Date of Award


Degree Type


Degree Name

Doctor of Philosophy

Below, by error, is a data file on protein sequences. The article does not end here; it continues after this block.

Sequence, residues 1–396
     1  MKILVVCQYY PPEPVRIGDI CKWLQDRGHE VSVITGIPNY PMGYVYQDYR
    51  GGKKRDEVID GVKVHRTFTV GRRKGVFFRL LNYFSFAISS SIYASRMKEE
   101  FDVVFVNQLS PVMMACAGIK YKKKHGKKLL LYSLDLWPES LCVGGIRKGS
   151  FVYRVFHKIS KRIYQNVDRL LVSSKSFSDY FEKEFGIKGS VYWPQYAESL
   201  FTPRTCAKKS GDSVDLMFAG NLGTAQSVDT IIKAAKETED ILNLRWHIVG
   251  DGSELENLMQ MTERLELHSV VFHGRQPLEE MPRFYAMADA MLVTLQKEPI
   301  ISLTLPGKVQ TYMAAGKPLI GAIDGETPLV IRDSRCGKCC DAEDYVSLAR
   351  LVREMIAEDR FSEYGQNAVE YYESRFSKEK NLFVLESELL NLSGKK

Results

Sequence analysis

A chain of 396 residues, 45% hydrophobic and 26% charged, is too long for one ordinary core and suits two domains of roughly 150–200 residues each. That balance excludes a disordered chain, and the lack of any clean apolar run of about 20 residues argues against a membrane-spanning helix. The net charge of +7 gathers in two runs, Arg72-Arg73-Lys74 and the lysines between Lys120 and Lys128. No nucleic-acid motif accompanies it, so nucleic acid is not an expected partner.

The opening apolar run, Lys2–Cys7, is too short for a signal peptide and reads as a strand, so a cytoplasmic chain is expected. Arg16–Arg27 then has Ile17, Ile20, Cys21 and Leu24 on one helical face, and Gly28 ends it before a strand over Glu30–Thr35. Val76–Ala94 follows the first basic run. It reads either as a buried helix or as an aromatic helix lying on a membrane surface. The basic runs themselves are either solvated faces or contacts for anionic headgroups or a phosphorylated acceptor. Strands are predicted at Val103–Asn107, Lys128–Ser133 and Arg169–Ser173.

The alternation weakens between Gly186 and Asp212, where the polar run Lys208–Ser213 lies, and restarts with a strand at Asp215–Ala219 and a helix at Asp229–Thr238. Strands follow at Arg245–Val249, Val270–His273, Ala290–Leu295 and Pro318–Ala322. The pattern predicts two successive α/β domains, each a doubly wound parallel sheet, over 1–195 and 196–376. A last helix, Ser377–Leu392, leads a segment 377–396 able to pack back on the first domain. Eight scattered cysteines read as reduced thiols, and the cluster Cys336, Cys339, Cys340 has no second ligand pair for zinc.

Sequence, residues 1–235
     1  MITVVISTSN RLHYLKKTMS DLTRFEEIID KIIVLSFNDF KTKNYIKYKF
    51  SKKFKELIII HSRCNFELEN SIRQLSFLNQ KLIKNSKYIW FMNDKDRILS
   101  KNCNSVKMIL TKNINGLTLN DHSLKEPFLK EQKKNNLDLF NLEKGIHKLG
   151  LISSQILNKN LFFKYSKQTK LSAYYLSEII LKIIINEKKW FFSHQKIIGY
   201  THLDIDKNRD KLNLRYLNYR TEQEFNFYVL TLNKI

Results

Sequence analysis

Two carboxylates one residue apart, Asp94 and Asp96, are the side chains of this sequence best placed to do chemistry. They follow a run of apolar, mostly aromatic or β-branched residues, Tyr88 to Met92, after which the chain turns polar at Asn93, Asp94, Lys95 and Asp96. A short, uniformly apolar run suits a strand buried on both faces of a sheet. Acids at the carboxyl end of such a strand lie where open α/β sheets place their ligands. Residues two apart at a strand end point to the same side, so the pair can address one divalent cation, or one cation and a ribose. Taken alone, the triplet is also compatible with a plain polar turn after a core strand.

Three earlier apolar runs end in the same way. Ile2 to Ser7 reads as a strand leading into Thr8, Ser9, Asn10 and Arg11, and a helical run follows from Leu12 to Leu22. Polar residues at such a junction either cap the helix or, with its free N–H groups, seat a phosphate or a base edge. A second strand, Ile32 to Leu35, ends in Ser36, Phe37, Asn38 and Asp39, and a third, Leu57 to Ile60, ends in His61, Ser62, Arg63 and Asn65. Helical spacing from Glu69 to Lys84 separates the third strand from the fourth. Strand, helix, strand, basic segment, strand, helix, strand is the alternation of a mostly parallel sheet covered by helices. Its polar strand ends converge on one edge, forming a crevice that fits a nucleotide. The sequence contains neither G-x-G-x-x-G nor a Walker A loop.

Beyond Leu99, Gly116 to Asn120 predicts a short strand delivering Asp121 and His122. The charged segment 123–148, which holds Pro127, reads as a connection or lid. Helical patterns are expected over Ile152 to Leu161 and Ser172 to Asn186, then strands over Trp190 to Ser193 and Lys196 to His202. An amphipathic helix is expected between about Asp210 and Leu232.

Although Chaucer's concern with problems of authority is widely recognized by scholars, the Tale of Melibee, which he assigned to his persona in the Canterbury Tales, is equally widely regarded as an unambiguous assertion of moral authority. The allegory is transparent, its moral clear, and the tale a slavishly literal translation of Renaud de Louens' Livre de Mellibee et Prudence, critics argue. Though its placement in the Canterbury context raises questions of interpretation--Chaucer prefaces the tale with overt stress on the matter of the tale's sentence, and the tale is followed by Harry's misreading of it--most critics accept the view that the tale is to be taken seriously, and at face value.;However, if we examine the tale in terms of its allegory, its status as translation, and its place in the Canterbury Tales, its apparent acceptance of Prudence's authoritative readings can be qualified. Prudence's allegoresis of events is problematic in its insufficient accounting for all factors, such as her role in the allegory, and in its misrepresentation of others, such as Sophie's wounds. Similarly, Chaucer's Melibee differs from Renaud's in small but significant ways that serve to modify Prudence's authority and to undercut the moral certainty of the tale. And looking at the tale in the Canterbury context reveals that it is concerned with the issues of authority prevalent therein to a greater extent than its apparent moral certitude suggests.;The tale is not an unambiguous assertion of the reliability of authority. Instead, the tale shows that even a very good advisor can err in her readings and can employ questionable persuasive techniques, that even the best authorities can be used at cross purposes, and that even an act of Christian charity can be compromised by the motivations underlying it. The Tale of Melibee is not a simplistic assertion of one's ability to interpret authority wisely but rather a subtle exploration of the difficulty of doing so, even when one has prudence on one's side. The tale, then, is not an anomaly within the Canterbury Tales but rather part of its broad and complex tapestry.



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